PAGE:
Training Your Eyes

What’s the most effective way to achieve faster lap times?

There is no silver bullet to bring big gains in performance. One driver benefits from being smoother while another gains with quicker inputs. Practicing alternate lines also can yield faster laps. Of course, data analysis is fundamental to pick up speed and time. Nonetheless, the most common limiting factor is how a driver uses his eyes.

You can’t get around the track without your eyes. You look for references on the track, for traffic, for passing opportunities, etc. Yet do you pay attention to where you direct your eyes? Ask yourself how far ahead do you look? How long do you focus on one reference before moving to the next? Generally, drivers don’t look far enough ahead.

This has consequences in speed and safety. A driver not looking through the corner may be surprised by debris or a spun car. A driver caught in the heat of battle may focus on the car ahead and miss the yellow flag while attempting a pass. This is extremely dangerous, leads to disqualification and draws the ire of organizers as well as fellow competitors.

Shallow vision also leads to target fixation when the unexpected happens. When the brain is caught by surprise, it tends to focus on the danger rather than look for exit routes. Give your mind advance notice to formulate a strategy. The same is true of the brake reference, turn-in, apex and exit. When drivers fixate on the turn-in and apex, the exit is a craps shoot. Those who frequently put wheels off typically suffer from apex fixation.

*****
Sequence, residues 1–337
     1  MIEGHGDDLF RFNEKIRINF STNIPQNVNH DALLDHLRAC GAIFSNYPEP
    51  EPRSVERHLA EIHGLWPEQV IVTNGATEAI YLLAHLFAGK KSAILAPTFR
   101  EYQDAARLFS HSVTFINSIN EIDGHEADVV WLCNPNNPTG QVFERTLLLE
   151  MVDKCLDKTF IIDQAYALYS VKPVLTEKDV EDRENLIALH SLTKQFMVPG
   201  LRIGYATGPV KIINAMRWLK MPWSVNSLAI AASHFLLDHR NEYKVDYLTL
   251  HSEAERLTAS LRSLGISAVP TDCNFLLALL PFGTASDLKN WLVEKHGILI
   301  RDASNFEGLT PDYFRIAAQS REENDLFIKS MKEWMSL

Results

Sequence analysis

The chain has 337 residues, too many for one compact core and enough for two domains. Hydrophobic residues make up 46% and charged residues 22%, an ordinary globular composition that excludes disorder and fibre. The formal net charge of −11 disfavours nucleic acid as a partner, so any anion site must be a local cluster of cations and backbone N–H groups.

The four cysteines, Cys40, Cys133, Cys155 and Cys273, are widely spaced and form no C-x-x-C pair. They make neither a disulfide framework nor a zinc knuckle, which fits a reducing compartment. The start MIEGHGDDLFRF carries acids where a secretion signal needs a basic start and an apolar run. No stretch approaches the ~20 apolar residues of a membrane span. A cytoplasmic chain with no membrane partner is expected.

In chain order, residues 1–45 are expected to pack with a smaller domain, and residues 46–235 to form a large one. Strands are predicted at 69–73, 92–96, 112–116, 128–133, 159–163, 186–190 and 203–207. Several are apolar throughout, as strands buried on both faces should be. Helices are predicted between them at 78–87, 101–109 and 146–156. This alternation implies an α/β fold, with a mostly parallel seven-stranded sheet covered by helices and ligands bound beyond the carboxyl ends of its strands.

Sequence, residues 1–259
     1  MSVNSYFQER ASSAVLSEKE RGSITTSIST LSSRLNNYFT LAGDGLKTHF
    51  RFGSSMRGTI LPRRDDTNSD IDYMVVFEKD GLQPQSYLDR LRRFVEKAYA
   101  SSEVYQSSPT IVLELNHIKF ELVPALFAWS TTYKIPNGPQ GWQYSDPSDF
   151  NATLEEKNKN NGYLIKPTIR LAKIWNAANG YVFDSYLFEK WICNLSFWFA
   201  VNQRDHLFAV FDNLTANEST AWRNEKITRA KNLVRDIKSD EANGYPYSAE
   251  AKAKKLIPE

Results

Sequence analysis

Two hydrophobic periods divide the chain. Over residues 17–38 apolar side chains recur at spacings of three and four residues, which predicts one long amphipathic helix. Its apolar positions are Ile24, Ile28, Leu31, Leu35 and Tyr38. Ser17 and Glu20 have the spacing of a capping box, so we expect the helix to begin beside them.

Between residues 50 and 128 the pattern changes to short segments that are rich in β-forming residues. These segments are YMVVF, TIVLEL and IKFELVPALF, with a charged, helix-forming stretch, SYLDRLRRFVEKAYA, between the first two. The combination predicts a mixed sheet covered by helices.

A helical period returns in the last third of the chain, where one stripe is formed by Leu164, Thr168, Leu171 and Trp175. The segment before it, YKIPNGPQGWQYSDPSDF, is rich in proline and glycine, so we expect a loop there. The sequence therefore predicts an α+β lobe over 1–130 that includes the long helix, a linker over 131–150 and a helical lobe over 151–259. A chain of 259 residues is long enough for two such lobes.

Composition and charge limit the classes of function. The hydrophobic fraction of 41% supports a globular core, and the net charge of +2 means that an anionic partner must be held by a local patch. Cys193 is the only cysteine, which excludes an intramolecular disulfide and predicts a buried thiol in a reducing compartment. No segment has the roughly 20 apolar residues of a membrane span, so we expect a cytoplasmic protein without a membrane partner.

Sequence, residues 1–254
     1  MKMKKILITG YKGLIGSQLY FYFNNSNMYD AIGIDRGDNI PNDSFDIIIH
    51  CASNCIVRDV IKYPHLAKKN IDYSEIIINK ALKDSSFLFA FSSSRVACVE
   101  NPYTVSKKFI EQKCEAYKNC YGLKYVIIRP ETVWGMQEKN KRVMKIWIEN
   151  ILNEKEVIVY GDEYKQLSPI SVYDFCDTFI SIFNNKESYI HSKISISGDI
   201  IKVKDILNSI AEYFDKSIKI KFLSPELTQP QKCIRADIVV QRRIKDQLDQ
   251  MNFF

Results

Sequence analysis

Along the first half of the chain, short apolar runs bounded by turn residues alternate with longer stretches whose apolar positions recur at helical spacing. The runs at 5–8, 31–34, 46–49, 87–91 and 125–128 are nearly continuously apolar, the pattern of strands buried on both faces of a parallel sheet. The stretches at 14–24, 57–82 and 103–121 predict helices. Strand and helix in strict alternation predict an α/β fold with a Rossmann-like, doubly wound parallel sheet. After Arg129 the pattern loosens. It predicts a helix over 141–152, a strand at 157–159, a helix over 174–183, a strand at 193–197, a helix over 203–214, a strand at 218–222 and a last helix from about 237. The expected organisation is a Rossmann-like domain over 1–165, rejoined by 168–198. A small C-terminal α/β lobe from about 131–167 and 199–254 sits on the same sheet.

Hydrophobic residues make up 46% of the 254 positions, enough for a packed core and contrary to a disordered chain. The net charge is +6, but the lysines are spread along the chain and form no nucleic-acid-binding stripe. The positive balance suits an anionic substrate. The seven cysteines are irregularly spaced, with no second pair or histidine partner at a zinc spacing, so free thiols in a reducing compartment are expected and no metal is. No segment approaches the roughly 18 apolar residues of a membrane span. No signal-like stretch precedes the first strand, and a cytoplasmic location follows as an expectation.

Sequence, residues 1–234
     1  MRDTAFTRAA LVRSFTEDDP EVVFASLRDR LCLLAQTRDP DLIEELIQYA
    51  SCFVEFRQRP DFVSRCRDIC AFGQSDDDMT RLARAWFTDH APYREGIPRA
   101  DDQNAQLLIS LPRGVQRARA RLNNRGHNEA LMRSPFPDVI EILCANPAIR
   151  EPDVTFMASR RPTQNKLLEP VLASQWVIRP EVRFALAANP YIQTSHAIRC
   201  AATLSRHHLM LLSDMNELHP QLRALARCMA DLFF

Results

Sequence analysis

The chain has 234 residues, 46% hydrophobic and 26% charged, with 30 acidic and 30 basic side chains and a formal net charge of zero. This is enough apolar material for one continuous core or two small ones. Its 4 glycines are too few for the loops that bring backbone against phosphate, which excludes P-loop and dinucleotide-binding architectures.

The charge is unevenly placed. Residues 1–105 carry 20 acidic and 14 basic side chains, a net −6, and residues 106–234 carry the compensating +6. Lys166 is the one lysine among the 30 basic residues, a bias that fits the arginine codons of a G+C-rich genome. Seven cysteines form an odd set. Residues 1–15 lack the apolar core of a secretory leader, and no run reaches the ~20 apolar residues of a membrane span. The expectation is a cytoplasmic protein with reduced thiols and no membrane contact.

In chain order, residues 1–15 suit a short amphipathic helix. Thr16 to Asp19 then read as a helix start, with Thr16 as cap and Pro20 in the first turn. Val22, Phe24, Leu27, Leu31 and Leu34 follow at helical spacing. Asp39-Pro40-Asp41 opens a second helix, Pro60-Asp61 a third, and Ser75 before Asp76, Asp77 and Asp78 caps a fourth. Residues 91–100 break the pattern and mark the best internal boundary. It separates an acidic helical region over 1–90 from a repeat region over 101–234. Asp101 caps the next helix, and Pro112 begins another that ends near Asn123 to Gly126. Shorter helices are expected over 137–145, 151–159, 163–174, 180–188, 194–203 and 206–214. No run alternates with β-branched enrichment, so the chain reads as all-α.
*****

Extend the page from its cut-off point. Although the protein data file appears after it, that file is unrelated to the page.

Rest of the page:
So how does a driver overcome this shortcoming? By slowing down and deliberately practicing moving his visual focus further down the track while expanding his peripheral vision to check for references and ensure he’s on-line. Before reaching the brake reference, look to the turn-in. Before turn-in, look to the apex. Before apex, look to the exit. With practice, you should be able to trace an arc on the track surface with your eyes a few seconds ahead such that your hands will follow.

In fact, this is a technique that can be practiced on the street so that it becomes second nature on the track. When you’re driving down the freeway, keep your visual focus several car lengths ahead and shift your mental focus to identify features around you: a road sign, a tree, a blue car. Can you identify the make or model without looking directly at it? Look through corners and use your peripheral to scan your placement in the lane. When you master this skill, you will become a safer, faster driver. Remember: Eyes up brings anxiety down; anxiety up brings eyes down.

A mechanical engineer, and driving coach, Joshua Allan has worked in the design offices of Ferrari’s Formula 1 team and has been a vehicle development test driver for Maserati in Italy. He is a five-time PTD champion in a Mazda MX-5 with Robert Davis Racing. Learn more at

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